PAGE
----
Senate Democrats are living on a prayer that things don’t go wrong for them in New Jersey.
Jury selection concluded Wednesday in the corruption trial of Sen. Bob Menendez (D-NJ), only the 12th sitting senator in U.S. history to face indictment. If he’s found guilty and forced to leave office before the end of the year that likely would hand Republicans his Senate seat until the 2018 elections, giving them a crucial extra vote as they try to salvage what they can of their and President Trump’s agenda and possibly resurrect their efforts to repeal Obamacare.
While many things need to break against Democrats for this to happen, the September trial has them nervous.
“The fate of a lot of important issues hang in the balance of what happens with this trial. Just look at the health care vote,” said Jeff Tittel, a top New Jersey Democrat who heads the state’s Sierra Club branch. “What happens if he’s convicted? Can he hold out long enough for the next governor? The shift in one seat in New Jersey could have huge ramifications on a lot of issues nationally.”
Menendez faces federal charges of bribery, conspiracy and making false statements. He’s accused of intervening with senior federal officials to help a major donor and benefactor, Salomon Melgen, in a multimillion dollar Medicare billing dispute, of stepping in to protect Melgen’s half-million-dollar port security contract, and of helping him secure visas for a trio of young girlfriends from other countries in exchange for campaign donations and expensive trips.
Melgen, his co-defendant, has already been convicted in a separate case of Medicare fraud, and there’s been rampant speculation that he hasn’t been sentenced yet because federal prosecutors are looking to leverage jail time against him to try to make him flip on his old friend.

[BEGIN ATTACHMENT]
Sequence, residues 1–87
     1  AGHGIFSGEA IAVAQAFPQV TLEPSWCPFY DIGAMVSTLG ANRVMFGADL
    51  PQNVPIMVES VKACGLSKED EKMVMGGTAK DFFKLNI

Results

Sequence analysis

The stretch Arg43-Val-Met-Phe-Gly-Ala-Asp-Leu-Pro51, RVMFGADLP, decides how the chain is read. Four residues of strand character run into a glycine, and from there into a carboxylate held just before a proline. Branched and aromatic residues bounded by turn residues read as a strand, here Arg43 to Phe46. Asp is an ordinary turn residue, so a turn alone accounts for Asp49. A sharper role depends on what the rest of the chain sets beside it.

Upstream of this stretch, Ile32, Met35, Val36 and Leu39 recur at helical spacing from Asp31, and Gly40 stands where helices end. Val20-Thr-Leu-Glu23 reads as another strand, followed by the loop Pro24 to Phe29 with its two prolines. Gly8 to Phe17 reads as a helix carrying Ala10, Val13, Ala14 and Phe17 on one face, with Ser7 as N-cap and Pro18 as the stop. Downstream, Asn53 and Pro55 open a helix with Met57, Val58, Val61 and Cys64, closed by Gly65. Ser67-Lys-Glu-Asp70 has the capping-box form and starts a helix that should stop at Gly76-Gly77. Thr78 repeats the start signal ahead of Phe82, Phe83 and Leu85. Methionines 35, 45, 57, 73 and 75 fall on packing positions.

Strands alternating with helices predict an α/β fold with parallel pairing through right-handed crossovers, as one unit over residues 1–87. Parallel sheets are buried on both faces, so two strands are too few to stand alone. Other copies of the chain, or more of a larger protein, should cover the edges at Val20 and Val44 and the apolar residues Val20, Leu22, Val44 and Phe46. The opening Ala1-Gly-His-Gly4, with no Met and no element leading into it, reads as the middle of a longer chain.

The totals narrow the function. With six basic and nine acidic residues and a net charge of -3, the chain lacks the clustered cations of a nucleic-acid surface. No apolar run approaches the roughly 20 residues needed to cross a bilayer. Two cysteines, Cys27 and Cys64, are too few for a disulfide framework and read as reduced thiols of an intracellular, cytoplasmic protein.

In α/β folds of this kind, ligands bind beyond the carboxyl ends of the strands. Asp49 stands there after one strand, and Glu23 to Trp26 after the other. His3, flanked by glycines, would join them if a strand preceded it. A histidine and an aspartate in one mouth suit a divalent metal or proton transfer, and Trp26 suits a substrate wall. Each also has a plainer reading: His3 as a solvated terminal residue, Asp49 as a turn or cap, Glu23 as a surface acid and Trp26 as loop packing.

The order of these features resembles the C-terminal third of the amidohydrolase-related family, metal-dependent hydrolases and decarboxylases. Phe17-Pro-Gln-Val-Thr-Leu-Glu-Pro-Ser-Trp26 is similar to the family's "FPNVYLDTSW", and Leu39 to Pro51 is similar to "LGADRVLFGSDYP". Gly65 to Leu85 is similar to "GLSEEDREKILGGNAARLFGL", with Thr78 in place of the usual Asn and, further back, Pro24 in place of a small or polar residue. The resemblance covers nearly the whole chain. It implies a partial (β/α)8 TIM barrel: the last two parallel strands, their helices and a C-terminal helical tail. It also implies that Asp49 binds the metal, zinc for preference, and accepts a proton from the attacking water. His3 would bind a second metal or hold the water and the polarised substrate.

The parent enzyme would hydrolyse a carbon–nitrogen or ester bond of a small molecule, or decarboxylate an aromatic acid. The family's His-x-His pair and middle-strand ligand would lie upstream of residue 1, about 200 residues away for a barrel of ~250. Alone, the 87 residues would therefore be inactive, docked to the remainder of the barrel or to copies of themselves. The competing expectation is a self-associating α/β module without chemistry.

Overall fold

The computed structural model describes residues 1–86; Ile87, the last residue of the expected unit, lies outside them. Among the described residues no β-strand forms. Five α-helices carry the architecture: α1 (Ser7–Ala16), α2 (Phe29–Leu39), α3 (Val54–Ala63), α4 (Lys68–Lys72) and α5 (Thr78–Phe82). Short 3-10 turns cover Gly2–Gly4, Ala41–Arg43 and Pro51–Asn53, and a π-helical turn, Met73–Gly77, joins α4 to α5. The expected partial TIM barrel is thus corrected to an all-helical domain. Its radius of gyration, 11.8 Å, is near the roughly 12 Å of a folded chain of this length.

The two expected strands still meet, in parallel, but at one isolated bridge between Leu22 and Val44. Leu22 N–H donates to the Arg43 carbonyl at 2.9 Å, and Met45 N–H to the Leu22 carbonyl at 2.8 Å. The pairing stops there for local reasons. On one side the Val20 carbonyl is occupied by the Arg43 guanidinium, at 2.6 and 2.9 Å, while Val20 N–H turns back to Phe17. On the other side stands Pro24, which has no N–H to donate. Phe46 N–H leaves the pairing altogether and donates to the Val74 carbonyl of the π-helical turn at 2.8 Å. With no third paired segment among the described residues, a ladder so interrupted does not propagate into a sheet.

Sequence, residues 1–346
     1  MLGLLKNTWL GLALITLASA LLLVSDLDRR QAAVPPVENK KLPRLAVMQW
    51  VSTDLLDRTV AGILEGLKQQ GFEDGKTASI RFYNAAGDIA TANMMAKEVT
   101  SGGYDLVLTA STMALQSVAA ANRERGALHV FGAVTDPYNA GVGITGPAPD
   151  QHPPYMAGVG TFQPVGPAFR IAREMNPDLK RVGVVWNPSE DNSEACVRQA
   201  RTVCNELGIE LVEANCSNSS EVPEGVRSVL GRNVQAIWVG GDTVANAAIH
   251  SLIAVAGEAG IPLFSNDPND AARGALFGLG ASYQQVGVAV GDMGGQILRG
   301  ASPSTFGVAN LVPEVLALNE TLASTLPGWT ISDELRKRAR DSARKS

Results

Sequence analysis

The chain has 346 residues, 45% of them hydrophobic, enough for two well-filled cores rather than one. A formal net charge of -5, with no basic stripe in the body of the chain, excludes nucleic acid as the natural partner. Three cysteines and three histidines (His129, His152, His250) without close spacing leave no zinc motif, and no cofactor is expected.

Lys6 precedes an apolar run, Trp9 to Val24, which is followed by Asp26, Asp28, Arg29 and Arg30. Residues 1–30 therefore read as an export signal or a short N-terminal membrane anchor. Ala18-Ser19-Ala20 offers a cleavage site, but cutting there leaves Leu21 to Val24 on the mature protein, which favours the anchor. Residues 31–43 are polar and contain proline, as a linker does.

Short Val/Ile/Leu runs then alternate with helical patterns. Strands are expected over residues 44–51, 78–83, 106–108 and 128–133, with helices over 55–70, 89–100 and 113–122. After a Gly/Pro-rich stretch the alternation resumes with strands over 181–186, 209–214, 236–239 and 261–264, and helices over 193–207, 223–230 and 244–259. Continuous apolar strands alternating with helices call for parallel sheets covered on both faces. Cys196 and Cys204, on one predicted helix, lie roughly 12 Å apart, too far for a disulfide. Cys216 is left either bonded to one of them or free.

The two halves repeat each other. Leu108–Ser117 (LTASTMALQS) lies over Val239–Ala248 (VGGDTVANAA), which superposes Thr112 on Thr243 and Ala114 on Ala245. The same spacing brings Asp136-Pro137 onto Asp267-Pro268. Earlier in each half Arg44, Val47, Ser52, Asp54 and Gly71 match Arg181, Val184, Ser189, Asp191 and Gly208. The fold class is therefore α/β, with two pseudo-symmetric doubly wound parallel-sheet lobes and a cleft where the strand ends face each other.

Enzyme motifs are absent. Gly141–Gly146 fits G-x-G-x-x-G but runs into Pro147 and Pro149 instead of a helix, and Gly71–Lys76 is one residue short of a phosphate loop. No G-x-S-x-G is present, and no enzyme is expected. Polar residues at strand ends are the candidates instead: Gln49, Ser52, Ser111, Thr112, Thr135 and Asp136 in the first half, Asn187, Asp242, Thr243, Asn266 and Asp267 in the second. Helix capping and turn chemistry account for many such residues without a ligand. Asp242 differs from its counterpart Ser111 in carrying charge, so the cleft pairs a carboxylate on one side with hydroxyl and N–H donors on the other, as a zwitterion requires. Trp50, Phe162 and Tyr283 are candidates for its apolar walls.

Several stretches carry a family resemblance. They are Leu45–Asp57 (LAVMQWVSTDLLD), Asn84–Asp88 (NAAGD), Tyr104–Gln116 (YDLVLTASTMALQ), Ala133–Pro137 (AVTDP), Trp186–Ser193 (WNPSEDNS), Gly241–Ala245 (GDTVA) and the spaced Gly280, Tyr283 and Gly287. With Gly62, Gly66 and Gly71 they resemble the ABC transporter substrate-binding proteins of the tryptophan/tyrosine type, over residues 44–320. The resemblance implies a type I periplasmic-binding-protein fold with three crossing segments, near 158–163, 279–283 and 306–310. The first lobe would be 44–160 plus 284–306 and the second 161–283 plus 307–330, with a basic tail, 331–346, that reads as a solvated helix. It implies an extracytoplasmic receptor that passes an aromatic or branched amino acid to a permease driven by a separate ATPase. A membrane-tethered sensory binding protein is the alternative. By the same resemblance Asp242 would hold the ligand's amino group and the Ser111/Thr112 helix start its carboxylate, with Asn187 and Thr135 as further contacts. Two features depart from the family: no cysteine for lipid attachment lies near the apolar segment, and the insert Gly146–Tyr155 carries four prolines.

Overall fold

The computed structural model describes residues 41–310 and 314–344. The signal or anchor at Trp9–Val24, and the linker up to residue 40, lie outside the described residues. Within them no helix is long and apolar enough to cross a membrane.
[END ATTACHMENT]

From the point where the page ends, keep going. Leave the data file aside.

The nightmare scenario for Democrats is Menendez is found guilty and relinquishes his seat before Gov. Chris Christie (R) completes his term in January, allowing Christie to appoint Menendez’s replacement and handing Republicans a crucial extra vote in the Senate. That appointee could also run for reelection in 2018, giving the GOP an outside chance in Democratic-leaning New Jersey.
It’s far too early to predict how long the trial will last, though educated guesses put it at around two months, concluding before Thanksgiving (there’s no sign that Menendez is preparing to take a plea deal). If Menendez were to be convicted before Christie leaves office next January, Democrats will be put in the awkward position of hoping he can hang on to his seat long enough to wait out Christie and have a Democratic governor appoint the replacement.
New Jersey state assemblyman John Wisniewski (D) called it “way premature” to speculate what will happen, but admitted it’s not a pretty situation for the state or national party.
“There’s no way to sugarcoat it. It’s certainly a very difficult situation,” he said.
Democrats point out that Menendez can’t be forced to resign his seat, even if he loses at trial, and that the last New Jersey senator to be convicted of a crime, Harrison Williams, stayed in office for months after his conviction in the early 1980s.